Christianity, Islam, and the Negro Race
A native of St. Thomas, West Indies, Edward Wilmot Blyden (1832-1912) lived most of his life on the African continent. He was an accomplished educator, linguist, writer, and world traveler, who strongly defended the unique character of Africa and its people. Christianity, Islam, and the Negro Race is an essential collection of his writings on race, culture, and the African Personality.
It is a scholarly exploration that takes readers on a journey through the historical and cultural forces that have shaped the religious identity of the Negro race. Edward Wilmot Blyden, a renowned scholar and pan-Africanist, presents a comprehensive analysis of the impact of Christianity and Islam on the African diaspora, drawing on historical events, religious doctrines, and sociopolitical contexts.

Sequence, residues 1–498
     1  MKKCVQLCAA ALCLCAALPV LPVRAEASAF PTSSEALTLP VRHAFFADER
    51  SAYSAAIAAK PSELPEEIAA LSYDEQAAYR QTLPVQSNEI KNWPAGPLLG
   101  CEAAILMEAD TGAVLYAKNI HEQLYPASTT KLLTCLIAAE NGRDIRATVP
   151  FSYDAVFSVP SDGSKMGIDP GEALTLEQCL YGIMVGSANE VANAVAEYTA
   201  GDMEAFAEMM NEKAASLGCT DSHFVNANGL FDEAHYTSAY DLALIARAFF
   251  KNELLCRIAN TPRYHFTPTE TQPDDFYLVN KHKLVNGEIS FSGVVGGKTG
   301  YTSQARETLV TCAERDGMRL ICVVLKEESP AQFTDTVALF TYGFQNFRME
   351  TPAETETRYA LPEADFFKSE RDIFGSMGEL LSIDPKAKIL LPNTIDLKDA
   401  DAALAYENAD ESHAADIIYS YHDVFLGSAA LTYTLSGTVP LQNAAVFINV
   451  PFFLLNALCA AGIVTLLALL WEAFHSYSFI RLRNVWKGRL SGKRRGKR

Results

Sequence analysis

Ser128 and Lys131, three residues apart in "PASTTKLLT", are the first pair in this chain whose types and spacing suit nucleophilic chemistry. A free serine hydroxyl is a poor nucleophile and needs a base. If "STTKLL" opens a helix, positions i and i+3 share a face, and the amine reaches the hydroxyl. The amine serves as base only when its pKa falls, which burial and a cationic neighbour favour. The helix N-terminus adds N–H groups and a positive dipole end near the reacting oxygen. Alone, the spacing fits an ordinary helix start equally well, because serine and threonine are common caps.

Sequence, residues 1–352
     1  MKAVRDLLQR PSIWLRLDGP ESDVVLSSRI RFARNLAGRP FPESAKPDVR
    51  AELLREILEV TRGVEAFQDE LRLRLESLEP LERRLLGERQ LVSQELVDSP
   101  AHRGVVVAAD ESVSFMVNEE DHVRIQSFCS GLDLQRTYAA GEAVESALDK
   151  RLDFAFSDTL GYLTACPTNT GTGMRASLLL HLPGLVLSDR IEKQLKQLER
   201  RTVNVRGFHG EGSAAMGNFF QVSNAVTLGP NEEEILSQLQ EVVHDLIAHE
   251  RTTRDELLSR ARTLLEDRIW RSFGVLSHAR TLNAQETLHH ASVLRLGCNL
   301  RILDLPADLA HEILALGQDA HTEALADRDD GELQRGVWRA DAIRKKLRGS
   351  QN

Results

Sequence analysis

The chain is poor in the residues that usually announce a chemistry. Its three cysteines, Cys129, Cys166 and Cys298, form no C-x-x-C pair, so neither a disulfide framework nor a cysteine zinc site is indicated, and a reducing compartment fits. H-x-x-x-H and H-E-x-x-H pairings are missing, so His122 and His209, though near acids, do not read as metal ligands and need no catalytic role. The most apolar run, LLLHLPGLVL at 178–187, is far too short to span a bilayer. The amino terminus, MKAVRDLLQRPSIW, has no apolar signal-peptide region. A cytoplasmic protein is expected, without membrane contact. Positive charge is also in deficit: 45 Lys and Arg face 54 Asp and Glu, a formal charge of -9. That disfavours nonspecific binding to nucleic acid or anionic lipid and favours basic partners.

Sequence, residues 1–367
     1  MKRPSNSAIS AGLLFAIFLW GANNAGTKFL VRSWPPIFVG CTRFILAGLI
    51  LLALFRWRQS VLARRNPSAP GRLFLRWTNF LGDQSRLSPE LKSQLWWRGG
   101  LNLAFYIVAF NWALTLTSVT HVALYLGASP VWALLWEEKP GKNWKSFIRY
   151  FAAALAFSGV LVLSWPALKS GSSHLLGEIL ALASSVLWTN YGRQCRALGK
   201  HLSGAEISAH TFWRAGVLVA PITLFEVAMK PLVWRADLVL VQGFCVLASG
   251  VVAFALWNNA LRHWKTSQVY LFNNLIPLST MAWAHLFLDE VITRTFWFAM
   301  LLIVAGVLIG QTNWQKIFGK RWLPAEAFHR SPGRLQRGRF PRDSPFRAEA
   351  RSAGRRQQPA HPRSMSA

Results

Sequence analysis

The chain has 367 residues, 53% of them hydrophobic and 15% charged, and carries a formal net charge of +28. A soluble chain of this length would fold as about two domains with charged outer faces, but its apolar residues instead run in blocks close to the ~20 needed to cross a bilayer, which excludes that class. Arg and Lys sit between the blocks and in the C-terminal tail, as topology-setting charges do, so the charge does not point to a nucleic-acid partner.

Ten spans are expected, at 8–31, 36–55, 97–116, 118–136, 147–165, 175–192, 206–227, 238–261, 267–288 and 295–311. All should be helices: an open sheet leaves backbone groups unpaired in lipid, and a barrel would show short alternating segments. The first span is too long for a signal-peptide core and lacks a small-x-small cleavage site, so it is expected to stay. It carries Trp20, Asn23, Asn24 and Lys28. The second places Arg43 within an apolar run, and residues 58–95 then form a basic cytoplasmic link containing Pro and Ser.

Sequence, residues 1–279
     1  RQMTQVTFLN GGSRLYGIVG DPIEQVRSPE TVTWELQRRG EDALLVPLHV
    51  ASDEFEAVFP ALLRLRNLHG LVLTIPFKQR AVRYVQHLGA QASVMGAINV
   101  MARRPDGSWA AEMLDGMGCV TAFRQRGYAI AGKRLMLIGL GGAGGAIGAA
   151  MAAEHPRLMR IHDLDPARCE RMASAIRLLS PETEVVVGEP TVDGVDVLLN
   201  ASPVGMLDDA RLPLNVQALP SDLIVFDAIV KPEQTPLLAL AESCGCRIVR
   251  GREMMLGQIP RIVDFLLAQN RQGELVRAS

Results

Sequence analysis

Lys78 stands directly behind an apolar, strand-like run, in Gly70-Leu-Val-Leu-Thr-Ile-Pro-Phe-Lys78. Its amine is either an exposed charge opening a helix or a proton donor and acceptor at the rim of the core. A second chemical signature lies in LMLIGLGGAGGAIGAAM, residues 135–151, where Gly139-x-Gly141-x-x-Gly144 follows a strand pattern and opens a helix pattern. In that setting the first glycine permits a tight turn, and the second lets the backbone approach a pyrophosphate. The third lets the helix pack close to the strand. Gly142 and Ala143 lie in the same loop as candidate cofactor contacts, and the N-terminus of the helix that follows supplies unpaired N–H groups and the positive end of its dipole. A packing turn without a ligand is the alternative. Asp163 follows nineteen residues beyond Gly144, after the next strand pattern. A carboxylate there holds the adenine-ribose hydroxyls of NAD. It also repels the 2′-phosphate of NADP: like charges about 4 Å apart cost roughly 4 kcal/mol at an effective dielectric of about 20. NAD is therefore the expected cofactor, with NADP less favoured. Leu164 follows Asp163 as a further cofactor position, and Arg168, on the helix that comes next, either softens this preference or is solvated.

The Black Classis Press edition is a complete reproduction of the 1888 revised and corrected edition. It remains an important source for examining an early African-centered perspective on race, religion, and the socioeconomic development of Africa.